While Viber might not sound like it does much more than the stock suite of communication tools, the app claims, “Our sound quality is much better than a regular call,” on its FAQ page. Also, the ability to have unlimited calls and messaging to anyone, anywhere in the world as long as they also have Viber is a standout feature — albeit one that is ubiquitous in these popular communication apps. Viber reports having 200 million users in 193 countries, and according to Kleiner Perkins Caufield & Byers’s 2014 Internet Trends report, it had 100 million monthly active users in 2013, earning it a high spot on this list.
This is one most of you will probably have already, or at least have heard about. Snapchat is available for iOS and Android smartphones, but has limited specific version of the app for Android tablets, BlackBerry and Kindle devices, and Windows Phone are not available — though Snapchat is interested in knowing who wants support for what. This app is known for popularizing the ephemeral message, allowing users to send pictures, videos, and now even text messages that will disappear after a short amount of time. Another feature allows users to create a set of images that they share with everyone for a longer amount of time.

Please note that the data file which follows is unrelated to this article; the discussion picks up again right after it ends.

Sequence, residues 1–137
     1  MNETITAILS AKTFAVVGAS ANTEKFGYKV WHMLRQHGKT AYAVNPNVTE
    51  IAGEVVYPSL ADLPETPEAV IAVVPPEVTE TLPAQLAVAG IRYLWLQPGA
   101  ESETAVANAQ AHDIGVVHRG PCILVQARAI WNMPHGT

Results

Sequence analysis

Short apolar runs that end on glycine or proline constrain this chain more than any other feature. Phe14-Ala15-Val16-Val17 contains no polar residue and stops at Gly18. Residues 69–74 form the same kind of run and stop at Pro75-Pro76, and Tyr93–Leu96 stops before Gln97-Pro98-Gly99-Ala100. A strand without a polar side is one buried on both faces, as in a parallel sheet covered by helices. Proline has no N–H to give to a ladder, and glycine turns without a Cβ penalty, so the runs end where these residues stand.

Though in its nature it may not be the best app for communicating, it offers a fun way to stay in touch with friends that’s a bit different from most of the other popular apps. Though data isn’t available on how many subscribed or active users are on Snapchat, KPCB’s Internet Trends report claims that 1.2 billion messages are sent in Snapchat every day — that figure includes “snaps sent per day and number of stories viewed per day.” More than 1.2 million users on Google Play have given it just over a 4-star rating, and the number of users that vote tends to be just a fraction of the actual number of users, so Snapchat could easily have over 100 million users if only 1 percent of users vote.
This Korean chat app takes messaging to the next level compared to Snapchat’s 1.2 billion messages per day. KakaoTalk directed 5.2 billion messages per day in 2013, according to KPCB, and it’s been growing. From 2012 to 2013, its traffic grew by 24 percent. On its Google Play page, it claims to have more than 130 million users.